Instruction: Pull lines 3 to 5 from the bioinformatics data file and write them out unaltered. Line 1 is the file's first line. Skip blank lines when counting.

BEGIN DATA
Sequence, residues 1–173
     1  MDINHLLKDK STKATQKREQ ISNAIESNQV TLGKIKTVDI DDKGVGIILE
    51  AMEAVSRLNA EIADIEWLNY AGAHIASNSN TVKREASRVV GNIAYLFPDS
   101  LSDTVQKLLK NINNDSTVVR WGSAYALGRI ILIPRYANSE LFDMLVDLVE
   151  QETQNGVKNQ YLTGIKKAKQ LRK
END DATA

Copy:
    51  AMEAVSRLNA EIADIEWLNY AGAHIASNSN TVKREASRVV GNIAYLFPDS
   101  LSDTVQKLLK NINNDSTVVR WGSAYALGRI ILIPRYANSE LFDMLVDLVE
   151  QETQNGVKNQ YLTGIKKAKQ LRK